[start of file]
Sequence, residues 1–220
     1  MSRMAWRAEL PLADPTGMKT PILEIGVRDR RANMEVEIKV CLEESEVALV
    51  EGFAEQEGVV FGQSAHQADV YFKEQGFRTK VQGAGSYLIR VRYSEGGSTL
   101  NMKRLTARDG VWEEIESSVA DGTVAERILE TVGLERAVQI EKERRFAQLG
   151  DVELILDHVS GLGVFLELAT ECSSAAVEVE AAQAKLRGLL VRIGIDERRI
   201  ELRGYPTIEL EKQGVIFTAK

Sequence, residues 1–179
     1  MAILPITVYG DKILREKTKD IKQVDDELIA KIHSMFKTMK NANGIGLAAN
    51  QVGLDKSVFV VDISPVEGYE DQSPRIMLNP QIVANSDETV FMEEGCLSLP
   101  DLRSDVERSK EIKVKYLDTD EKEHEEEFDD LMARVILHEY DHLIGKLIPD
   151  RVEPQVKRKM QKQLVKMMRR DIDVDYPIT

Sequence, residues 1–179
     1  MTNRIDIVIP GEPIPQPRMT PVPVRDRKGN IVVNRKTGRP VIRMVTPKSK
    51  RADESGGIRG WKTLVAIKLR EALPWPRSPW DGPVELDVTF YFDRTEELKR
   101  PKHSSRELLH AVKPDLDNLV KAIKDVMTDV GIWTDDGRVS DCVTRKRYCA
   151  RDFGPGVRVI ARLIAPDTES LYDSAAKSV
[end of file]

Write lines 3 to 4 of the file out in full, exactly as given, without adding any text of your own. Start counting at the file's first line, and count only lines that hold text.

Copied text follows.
    51  EGFAEQEGVV FGQSAHQADV YFKEQGFRTK VQGAGSYLIR VRYSEGGSTL
   101  NMKRLTARDG VWEEIESSVA DGTVAERILE TVGLERAVQI EKERRFAQLG